What stops us from sharing our Catholic Faith (more often)? There are four likely suspects: lack of knowledge, lack of integrity, lack of belief, or lack of courage.
Many of us feel as though we don’t know enough. If we begin a conversation, we might get tied up in knots by someone who has studied their faith more than we have studied Catholicism.
The remedy is to attend our Faith Formation programming. Catholicism 101 is almost every Sunday at 9:00am (tucked conveniently between the 7:30am and 11:00am Masses so you could go to either) in the Teen Center (for the duration of church construction). You can also access our parish Formed.org account. Go to www.formed.org , click on register, enter parish code 7Y2GH8 and set up a free personal account.READ MORE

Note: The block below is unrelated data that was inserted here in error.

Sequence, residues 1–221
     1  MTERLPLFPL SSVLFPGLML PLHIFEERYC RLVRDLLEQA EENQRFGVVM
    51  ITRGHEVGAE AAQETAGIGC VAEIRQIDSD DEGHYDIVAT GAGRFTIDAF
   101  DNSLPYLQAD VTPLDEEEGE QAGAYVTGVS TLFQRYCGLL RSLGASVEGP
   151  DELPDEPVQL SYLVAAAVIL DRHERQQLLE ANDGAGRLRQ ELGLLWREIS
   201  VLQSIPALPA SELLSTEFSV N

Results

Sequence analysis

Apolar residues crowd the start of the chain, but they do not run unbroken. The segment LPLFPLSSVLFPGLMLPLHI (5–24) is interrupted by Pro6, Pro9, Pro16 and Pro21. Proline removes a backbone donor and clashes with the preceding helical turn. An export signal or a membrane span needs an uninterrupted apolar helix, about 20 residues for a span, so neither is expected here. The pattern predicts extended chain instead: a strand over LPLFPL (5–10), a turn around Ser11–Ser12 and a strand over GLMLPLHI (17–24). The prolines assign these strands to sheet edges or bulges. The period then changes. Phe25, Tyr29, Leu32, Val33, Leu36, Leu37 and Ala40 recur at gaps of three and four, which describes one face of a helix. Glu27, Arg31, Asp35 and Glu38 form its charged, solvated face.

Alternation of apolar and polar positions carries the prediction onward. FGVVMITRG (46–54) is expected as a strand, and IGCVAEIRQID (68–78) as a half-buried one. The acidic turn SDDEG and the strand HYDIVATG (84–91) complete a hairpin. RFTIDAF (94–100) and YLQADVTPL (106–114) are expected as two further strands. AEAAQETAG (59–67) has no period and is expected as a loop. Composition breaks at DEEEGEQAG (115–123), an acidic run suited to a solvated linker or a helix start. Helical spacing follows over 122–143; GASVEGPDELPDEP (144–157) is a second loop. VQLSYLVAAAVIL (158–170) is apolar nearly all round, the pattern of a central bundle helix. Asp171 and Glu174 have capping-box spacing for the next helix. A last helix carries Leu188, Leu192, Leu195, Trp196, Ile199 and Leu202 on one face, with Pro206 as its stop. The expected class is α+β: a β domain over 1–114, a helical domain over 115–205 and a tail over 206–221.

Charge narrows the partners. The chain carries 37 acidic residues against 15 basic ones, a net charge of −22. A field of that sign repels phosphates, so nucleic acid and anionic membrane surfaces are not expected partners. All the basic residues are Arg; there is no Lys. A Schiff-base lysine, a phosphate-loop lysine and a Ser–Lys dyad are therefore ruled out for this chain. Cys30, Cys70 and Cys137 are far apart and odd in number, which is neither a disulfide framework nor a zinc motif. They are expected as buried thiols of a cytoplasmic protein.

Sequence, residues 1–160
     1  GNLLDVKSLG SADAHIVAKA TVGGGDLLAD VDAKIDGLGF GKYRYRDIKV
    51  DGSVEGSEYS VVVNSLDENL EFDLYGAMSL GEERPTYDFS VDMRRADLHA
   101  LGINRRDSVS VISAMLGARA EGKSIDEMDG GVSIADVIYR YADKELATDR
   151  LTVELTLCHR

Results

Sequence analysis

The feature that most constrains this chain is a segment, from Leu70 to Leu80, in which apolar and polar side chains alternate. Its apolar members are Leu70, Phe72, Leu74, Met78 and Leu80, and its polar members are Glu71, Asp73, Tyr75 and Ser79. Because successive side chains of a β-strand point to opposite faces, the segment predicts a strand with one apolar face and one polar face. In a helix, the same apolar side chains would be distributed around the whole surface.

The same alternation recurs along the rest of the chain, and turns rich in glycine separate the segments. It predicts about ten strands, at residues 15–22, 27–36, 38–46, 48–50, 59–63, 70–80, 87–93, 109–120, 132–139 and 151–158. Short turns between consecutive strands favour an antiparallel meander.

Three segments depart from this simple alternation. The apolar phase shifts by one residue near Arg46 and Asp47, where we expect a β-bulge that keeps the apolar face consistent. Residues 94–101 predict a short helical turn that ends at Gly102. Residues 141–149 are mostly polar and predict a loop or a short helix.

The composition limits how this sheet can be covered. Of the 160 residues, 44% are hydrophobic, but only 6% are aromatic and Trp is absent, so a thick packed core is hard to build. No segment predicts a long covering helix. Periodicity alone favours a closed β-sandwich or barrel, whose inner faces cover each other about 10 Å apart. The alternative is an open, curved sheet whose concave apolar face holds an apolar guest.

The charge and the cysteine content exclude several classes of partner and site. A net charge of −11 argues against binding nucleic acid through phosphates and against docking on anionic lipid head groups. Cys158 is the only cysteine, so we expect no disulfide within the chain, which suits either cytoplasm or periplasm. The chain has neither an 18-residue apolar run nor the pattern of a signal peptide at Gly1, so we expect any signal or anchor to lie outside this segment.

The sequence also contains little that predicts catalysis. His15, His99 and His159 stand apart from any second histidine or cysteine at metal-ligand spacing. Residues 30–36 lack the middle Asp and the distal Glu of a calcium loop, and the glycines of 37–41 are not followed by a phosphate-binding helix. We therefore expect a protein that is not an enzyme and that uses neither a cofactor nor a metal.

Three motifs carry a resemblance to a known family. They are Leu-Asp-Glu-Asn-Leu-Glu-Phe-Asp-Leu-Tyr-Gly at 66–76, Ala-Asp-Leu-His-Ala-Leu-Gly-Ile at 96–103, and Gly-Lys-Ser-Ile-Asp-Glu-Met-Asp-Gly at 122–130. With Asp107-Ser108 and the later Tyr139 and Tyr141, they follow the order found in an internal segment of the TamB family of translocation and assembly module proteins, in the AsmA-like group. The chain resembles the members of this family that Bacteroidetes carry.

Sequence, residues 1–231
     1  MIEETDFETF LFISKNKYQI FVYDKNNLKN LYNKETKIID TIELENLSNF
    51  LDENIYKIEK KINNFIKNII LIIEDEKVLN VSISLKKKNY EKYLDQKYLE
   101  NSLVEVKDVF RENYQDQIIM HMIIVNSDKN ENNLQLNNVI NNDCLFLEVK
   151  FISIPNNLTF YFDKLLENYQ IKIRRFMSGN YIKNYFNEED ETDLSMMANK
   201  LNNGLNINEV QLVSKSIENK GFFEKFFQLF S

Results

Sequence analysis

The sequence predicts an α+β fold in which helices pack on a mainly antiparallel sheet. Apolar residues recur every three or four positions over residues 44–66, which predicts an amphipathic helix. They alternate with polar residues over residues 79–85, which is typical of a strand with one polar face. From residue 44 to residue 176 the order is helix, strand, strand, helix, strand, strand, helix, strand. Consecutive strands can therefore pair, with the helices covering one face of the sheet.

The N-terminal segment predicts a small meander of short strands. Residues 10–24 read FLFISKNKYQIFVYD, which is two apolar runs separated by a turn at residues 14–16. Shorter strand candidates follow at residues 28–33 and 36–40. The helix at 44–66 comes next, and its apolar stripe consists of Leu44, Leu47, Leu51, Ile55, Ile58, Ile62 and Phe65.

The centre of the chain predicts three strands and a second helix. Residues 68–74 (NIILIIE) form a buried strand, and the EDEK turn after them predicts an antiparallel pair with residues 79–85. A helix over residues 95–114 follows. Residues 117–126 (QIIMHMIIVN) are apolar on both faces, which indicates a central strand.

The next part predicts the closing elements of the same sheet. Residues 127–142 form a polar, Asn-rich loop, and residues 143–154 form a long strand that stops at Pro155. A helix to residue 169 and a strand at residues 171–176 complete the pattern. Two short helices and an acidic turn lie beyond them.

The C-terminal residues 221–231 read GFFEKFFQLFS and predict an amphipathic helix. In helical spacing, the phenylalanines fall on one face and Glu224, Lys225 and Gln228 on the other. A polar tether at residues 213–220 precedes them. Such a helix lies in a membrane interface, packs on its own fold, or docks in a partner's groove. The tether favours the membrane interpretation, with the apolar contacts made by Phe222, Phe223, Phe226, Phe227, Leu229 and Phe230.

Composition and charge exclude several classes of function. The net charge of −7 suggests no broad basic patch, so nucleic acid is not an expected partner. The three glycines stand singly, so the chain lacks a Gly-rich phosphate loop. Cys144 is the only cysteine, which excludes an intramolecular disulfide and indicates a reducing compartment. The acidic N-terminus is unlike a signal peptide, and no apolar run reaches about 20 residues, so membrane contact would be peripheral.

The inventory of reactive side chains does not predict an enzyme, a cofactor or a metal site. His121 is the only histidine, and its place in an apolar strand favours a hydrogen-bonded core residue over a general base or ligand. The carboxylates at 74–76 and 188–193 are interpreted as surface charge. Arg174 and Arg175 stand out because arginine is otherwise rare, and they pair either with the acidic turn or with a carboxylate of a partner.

A letter from Andy Miller, former administrative assistant for Fr. Jess. Andy left Our Lady of Joy in August 2016 to enter the Our Lady of Guadalupe Seminary in Denton, Nebraska.
Dear Parishioners at Our Lady of Joy,
The first year of seminary formation (called “year of spirituality” or “candidacy”) is considered a “year of probation.” During this year we are watched very closely by our superiors. This includes peer evaluation, work reports, and monthly meetings with our novice master. We focus on learning Scripture, spirituality, liturgy, Latin, Gregorian Chant, and catechism, as well the constitutions and history of our order, The Priestly Fraternity of St. Peter. They also give us plenty of work to do (callouses before chalices!) At the end of the year, the priests at the seminary meet and vote on all of the first year seminarians to determine if we should continue on with formation. I am pleased to announce that the priest council voted and favorably and I will be allowed to continue.READ MORE
Our world has gotten to a place where I cannot say, “I am happy I am an American!” It is as if I am putting down people from Canada. They are the most polite people on earth (except at hockey games), but I want no part of those winters.